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Millions Recovered

  • $5,400,000.00 settlement involving a seaman who fell from a stairway during fire and boat drill aboard a container ship sustaining quadriplegic injuries. Partners Mellusi and Shisha personally inspected the vessel taking hundreds of measurements and still and videos of every stairway in the ship’s main deck house. The data was compared with the vessel’s design plans in our library which demonstrated the vessel had been negligently constructed in that it failed to follow the naval architect’s original design specifications.
  • $4,400,000.00 jury award to a former shipmate who sustained a shoulder injury while at sea. The third mate had to undergo multiple surgeries and will not be able to become a captain because of the injury.
  • $2,400,000 jury award to a licensed marine engineer who sustained permanent knee injuries while attempting to remove a 200 lb. valve from an overhead piping system. Partner Mellusi personally inspected the ship’s engine room taking detailed photos and measurements. A duplicate valve was obtained from a maritime junkyard and was brought into court along with an auto-shop mechanical hoist capable of lifting it 12 feet to demonstrate the vessel lacked suitable means to perform this work safely. The jury award was in top ten verdicts in the United States for a comparable knee injury. The case was tried to verdict in a New York Federal Court.
  • $2,980,000.00 jury award to a ship’s cook for back injury resulting from insufficient procedures for moving ship stores. Case tried in New York federal court.
  • $2,700,000.00 settlement to a mate on a Tanker vessel who sustained multiple fractures.
  • $2,000,000.00 was awarded to a barge deckhand – wrongful death.
  • $1,827,000 awarded to a marine engineer working on a US Government supply vessel who fell into an unguarded ventilation fan causing neck, shoulder and hand injuries. The case was tried non-jury before a federal judge in Baltimore Federal Court. The court award was subsequently determined to be within the highest ten verdicts for the State of Maryland in 2009.
  • $1,200,000.00 jury award to a ship’s Bosun who sustained shoulder and neck injuries while attempting to move plywood sheets on main deck of vessel during 40 knot winds. Case tried in New York Federal Court.
  • $950,000 awarded to passenger killed when his recreational boat came into collision with tow wire of tug and barge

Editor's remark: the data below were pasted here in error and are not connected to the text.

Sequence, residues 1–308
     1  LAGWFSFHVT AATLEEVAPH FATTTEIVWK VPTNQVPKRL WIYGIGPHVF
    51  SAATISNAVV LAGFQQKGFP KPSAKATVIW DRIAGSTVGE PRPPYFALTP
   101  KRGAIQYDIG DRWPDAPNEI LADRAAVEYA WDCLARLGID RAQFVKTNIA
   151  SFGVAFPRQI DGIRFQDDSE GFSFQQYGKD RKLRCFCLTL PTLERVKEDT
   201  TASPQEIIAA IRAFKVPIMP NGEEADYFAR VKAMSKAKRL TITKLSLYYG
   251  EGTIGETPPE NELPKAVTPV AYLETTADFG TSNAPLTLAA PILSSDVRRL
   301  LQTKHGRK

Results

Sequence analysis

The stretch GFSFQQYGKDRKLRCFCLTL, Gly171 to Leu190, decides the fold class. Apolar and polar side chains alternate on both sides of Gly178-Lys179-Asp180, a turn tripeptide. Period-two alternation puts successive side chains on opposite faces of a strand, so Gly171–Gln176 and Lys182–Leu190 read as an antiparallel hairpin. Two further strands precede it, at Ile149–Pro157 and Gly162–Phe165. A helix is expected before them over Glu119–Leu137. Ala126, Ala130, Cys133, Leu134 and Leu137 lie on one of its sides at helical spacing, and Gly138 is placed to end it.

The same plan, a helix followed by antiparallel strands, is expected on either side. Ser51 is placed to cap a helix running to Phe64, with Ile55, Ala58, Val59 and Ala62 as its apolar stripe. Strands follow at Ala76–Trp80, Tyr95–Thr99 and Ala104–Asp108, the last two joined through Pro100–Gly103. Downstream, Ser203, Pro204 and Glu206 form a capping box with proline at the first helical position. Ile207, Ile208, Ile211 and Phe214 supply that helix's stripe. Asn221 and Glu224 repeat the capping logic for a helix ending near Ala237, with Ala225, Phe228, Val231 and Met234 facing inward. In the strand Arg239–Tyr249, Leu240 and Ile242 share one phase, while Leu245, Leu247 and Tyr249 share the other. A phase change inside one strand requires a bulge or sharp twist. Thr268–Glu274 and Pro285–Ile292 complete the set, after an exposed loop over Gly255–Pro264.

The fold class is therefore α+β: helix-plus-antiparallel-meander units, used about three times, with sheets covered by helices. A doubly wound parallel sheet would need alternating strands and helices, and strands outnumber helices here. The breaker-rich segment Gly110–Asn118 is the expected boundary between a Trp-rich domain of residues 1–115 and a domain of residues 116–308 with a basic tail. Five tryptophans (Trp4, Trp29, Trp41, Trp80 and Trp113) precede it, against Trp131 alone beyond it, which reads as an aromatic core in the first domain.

• $850,000 settlement, Federal Court Allentown PA., to seaman sustained herniated disk while lifting a 110 lbs crane hooks.
  • $840,000 jury award to a seaman who fell from ladder while painting sustaining fractured wrist.
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Negligence not relevant for maintenance and cure

When a New York seaman is injured on a vessel, the owner is required to pay for medical bills, lodging, transportation and food until the seaman either returns to work or improves as much as he or she can under medical care. According to the U.S. Courts for the Ninth Circuit, these expenses are known as maintenance and cure and are rights that seamen have as long as they can fulfill the burden of proof.

The evidence must show the status as a seaman, service on the vessel at the time of the injury and the amount to which he or she is entitled. The seaman does not have to prove that there was any negligence in the case.

According to the Federal Bar Association, in the case, Allen v. NCL America, LLC, a seaman claimed that the vessel owner had breached his duty to provide maintenance and cure. Further, the plaintiff alleged that the accident, which caused an injury to his knee, was the result of negligence and unseaworthiness. These two factors are claims under the Jones Act rather than maintenance and cure.

The plaintiff did not provide the evidence needed for a successful Jones Act claim, and the court dismissed the allegations of negligence and unseaworthiness. However, the vessel owner made a motion to dismiss the claim for breach of maintenance and cure that was unsuccessful. The court ruled that the burden of proof had been fulfilled in this matter, namely that the seaman became injured in service of the vessel. As a result, the seaman received compensation for medical expenses and the cost of room and board for the duration of the time he was not able to work. 

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Rated By Superlawyer Ralph J Mellusi Rated By Superlawyer Ralph J Mellusi
Rated By Superlawyer Ralph J Mellusi Rated By Superlawyer Ralph J Mellusi
Rated By Sfpracuperlawyer Ralph J Mellusi Rated By Superlawyer Ralph J Mellusi